Prepare to be dazzled by the night sky at Great Basin National Park. Stargazing enthusiasts and astrophotographers alike will find that the park offers some of the darkest skies in America. The Milky Way is most visible from February to October on nights when very little moonlight is present to detract from the starry sky, such as during a New Moon. With no light pollution from nearby cities to dull the light from the stars, you’ll be amazed by how expansive the midnight sky feels. Set up your camera on a tripod or simply lay under the stars and soak in the wonderous cosmic display.
Great Basin National Park Wildlife
Wildlife is abundant throughout Great Basin National Park. This might come as a surprise given the seemingly harsh environment, but the desert is teeming with life. Among the animals that inhabit the Great Basin Desert are bighorn sheep, coyotes, mountain lions, mule deer, sagebrush voles, snakes (including rattlesnakes), lizards, fish, bats, ringtail cats, a wide variety of birds, and even native species such as the pygmy rabbit.
The wide variety of wildlife that exists within Great Basin National Park is owed in part to the array of ecological zones that span the park, from desert valleys to mountain peaks and everything in between. While there are no guarantees you’ll spot wildlife within the park, you’re most likely to encounter them during the morning and evening hours. Please remember to keep a safe distance and never approach wildlife. Please respect the environment, don’t attempt to feed any animals, and simply enjoy them without disturbance.
Without question, Great Basin National Park is one of Nevada’s most surprising and extraordinary natural wonders. There is something truly entrancing about the desert; it offers a rugged sort of beauty, where weathered trees, hardy foliage, and resilient wildlife thrive. Hopefully, now you’re motivated to pack your bags and put this underrated national park on your bucket list where it belongs. But before you hit the road, be sure to visit the National Park Service’s website to learn more about the park, and go ahead and download a park map to have handy for your trip.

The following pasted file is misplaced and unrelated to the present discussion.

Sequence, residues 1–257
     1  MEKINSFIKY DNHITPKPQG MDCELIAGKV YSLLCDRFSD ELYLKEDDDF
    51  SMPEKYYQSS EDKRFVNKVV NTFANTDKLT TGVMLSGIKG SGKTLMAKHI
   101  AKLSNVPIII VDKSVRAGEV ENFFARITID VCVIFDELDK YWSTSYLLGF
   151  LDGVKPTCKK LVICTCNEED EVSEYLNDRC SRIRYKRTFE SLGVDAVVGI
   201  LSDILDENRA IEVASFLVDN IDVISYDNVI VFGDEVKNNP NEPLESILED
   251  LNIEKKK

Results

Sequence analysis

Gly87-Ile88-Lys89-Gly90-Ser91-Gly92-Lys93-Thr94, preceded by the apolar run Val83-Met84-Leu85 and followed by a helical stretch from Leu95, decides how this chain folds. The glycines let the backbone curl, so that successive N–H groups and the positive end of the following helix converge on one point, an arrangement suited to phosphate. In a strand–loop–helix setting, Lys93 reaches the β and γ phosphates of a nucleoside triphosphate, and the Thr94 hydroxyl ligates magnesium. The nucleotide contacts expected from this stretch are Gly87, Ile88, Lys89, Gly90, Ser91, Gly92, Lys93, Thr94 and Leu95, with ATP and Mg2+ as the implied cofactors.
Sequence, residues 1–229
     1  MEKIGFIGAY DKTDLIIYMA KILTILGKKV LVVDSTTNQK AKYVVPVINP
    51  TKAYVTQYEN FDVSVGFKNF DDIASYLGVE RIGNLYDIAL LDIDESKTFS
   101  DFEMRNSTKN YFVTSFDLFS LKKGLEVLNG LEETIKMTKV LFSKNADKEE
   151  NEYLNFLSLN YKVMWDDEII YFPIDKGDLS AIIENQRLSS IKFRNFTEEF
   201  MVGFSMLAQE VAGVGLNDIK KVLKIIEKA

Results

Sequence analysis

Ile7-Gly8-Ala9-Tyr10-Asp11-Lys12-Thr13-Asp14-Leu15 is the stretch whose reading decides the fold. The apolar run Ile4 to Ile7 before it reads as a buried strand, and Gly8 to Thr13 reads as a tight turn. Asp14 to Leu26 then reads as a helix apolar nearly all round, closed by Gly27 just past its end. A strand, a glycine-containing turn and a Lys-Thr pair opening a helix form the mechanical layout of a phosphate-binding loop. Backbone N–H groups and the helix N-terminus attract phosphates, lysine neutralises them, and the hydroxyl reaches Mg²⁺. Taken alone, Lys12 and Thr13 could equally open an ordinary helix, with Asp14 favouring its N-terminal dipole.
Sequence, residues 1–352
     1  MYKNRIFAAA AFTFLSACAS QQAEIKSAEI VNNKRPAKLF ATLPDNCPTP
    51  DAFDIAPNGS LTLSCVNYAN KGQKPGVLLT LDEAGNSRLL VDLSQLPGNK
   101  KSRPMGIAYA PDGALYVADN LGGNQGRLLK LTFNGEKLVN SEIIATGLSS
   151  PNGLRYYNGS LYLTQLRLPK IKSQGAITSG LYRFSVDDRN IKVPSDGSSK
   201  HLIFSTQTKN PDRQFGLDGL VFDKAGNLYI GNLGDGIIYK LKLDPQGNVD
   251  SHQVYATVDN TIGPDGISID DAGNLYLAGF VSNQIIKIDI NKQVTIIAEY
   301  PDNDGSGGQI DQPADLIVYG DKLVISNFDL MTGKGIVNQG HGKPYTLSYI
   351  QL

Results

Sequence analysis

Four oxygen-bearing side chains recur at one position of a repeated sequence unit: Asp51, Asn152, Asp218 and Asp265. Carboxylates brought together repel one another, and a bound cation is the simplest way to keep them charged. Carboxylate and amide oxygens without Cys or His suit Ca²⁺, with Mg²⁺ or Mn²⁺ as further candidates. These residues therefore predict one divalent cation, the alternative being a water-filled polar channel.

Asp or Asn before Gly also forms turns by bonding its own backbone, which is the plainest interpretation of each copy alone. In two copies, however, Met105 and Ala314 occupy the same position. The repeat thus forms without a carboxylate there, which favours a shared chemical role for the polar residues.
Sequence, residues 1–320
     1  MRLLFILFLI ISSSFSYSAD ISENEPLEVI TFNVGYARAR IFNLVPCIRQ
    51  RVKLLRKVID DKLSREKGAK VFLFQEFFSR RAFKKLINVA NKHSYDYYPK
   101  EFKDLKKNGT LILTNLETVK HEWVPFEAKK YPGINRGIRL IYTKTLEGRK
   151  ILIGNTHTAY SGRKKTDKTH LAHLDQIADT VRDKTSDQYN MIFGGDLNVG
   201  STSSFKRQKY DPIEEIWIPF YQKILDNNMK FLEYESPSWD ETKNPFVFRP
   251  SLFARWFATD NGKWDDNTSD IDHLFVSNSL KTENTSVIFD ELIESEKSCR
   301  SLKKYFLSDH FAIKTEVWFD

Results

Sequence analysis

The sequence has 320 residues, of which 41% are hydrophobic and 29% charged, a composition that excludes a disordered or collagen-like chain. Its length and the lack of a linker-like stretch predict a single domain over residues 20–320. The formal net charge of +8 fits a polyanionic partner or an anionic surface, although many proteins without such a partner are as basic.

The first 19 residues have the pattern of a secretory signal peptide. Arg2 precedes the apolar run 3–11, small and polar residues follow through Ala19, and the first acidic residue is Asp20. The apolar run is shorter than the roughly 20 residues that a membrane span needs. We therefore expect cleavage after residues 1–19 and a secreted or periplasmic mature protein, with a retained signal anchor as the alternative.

Need To Know Information About Great Basin National Park
Accessibility: Great Basin National Park offers great benefits to Access Pass holders, and there are many activities that can be enjoyed within the park by visitors with disabilities. Access Pass holders receive 50 percent off of Lehman Cave tours and campsite fees. There are designated parking spaces at every parking lot in the park with ramp access, and all public restrooms and visitor centers are accessible. There are three campgrounds with accessible sites: Upper Lehman Creek, Wheeler Peak, and Baker Creek campgrounds. These sites are first-come, first-serve. Additionally, service animals are always welcome, and assisted listening devices are available for any ranger-led programs.
Pet-Friendly: While pets are allowed at Great Basin National Park, there are some limitations. For example, pets are not allowed in the Lehman Caves or at any evening programs that may be offered. If pets are leashed, they may be walked on the Lexington Arch Trail or on the trail between the Great Basin Visitor Center and the town of Baker. Leashed pets are also allowed at the campgrounds, along roads, and in front of the visitor centers.
Parking: There is overnight parking at any of the six campgrounds (weather permitting) for campers who’ve reserved a site. There are also day-use parking lots at the picnic areas, visitor centers, and trailheads throughout the park.
Seasonal Access: The park is open year-round, but Wheeler Peak Scenic Drive closes periodically in the winter or during inclement weather, especially if ice or snow is present. Some higher-elevation hiking trails and campgrounds are also closed during the winter, but Lower Lehman Campground is open year-round as weather conditions permit.
Cost: There is no entrance fee for Great Basin National Park! However, annual America the Beautiful National Parks & Federal Recreational Lands Passes are sold at the Lehman Caves Visitor Center. The Lehman Cave tours are available for an added fee ranging from $4 per child to $15 per adult (depending on which cave tour you select) and should be reserved in advance. Campsite fees are $20 per site, per night.